Saturday, June 5, 2010


Okay I know I haven't updated forever but we have a new family blog over at:

I promise to update this one more often.

Monday, August 10, 2009

3-day Cleveland--day 3

Sunday morning came faster than I wanted it to. Not only was I awoken to the sound of Heather’s alarm and people milling around outside, but to the sound of rain. I groaned inside and snuggled deeper into the blanket. I did not want to get up. I did not want to walk in the rain. Heavens, I did not want to walk at all. I lay back down and listened to Heather’s “threats” to get up, all the while pondering if I just wanted to SAG it to lunch.

Finally, Heather’s admonitions got me up and out, even though I still longed for my blanket and swimming pool mattress. We got up and braved the now drizzling rain to pack, take down the tent, and head to breakfast. Right here, right now I want to tell you that Heather is a pro at packing a tent. I want her with me every time I do one of these things for her tent packing skills alone. I mean she is a brilliant conversationalist and hilarious, but she could go pro with the tent packing skills.

We headed over to breakfast and got a hug from hug lady as we waited in line. Much to my dismay there was no oatmeal this morning. I ended up with cream of wheat though and that was a close second. I didn’t eat much the rest of breakfast, there was something about it that just didn’t sit well this morning.

We finally striked off, so happy that there was only 17 miles to accomplish. Hug lady and Jerry were waiting for us as we left camp and we felt their enthusiasm. The first three miles flew by, for one reason. We started making up a lovely chant with our new friends Kim and Trish. We got all those around us chanting with us as we walked through the streets towards Pit One. I love how easy it is to meet friends from all over. We were determined our chant would go 3-day wide. That this would be Cleveland’s mark on the 3-day. So here it is, all verses written down, for your chanting pleasure:

I don’t know but I’ve been told,

3-day walkers bring in gold.

Walking in the rain and sun

Making friends and having fun

I don’t know but I’ve been told,

3-day walkers are really bold

Pirates keep us safe from harm

Crossing streets and saying Arrrr

I don’t know but I’ve been told,

3-day crew carries a heavy load.

Red shirts yelling out at me,

Drink and Pee and no IV.

I don’t know but I’ve been told,

3 days in my shoes are old.

Blisters, chaffing, busted knees

CVS has bio-freeze.

Sound off


Sound off


Bring it on down

1, 2, 3, 4, 1, 2, 3-day!

That little chant honestly got us through and we chanted it walking into Pit one, only to be told that the neighborhood we were in did not want us and we had to be quiet. I understood the people of Westlake’s concerns, but it was one morning that we were interrupting. One morning that we really needed to laugh and cry and joke and chant with one another simply to make it through the day. I stayed made at the city until Pit 2. Childish, I know, but still when you have walked so many miles you just want people to understand and accept the sacrifice of hundreds of walkers. It really put a damper on that next three miles.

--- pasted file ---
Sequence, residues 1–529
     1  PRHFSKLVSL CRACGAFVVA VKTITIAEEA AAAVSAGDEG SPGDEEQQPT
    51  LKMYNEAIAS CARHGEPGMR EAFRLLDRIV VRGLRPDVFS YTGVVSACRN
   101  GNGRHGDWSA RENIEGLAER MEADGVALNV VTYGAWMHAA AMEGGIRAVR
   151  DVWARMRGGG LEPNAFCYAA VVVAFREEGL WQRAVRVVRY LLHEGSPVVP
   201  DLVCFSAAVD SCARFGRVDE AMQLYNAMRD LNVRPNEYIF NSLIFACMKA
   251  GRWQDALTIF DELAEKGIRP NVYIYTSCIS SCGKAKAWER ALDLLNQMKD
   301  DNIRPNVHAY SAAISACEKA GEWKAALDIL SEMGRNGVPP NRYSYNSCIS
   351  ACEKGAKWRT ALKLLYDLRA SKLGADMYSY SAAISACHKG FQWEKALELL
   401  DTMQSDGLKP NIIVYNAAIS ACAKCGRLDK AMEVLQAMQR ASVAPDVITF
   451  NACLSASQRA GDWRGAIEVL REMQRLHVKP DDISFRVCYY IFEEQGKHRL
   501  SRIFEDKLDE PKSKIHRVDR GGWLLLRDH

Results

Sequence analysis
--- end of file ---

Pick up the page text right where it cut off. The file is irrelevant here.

The three of us separated during that leg, Erin called a sweep to take her to the pit so she could fix her blisters, Heather and I just separated. There seemed to be a damper on all the walkers during this leg, not helped by the rain that started to fall. We finally got to the next pit where there was polkaing. I was amazed with Heather’s polka skills, or the fact that she could still polka after walking 49 miles.

We set out again, quickly doing the two or so miles that we needed even in the rain. Finally we reached the next Pit, knowing it was only three miles to lunch we took the time to stretch and make plans to hop a van during the next three miles.

Those next three miles were brutal. Absolutely brutal. It started off with rain but ended up with sun pounding down on us. There were times that I just kept praying that I could put one foot in front of the other. Heather and Erin caught a van about half way through the leg, for some reason—despite the plan—I did not get on with them. I continued to walk and it was a mistake. My feet were killing me, my blisters were getting bigger, and the way that I was walking was killing my knees. I finally staggered into lunch, being asked by one of the crewers if I was okay. Because of the short day I felt rushed at lunch, there was no time to sit and be leisurely. It was quickly eat, get medical care, and go. I felt cheated out of my time to relax. I made my way to the potties where they drew a lovely pink ribbon on my arm with lip gloss. Then I headed to medical and bandaged my several blisters. As I was bandaging I found Kim and Trish and they were able to tell me about the latest verse added to our chant.

We headed out again, only to be delayed at the next Shell station as Erin had to use the bathroom again. Of course this was after the cheering station where they were handing out Jell-O shots so most people were stopping at the Shell to use the facilities. I was getting frustrated, my legs hurt, my feet hurt, and I felt this invisible line inching towards me that was the deadline, the time I had to be to the grab and go before they stuck me on a bus. No matter how much I wanted to be on a bus this morning I was ready to finish this. We pushed hard to the Grab and Go. Really hard. I felt like it was back to day one and we had all the energy that we needed to keep going. We even passed up one dollar dairy queen ice cream to make it.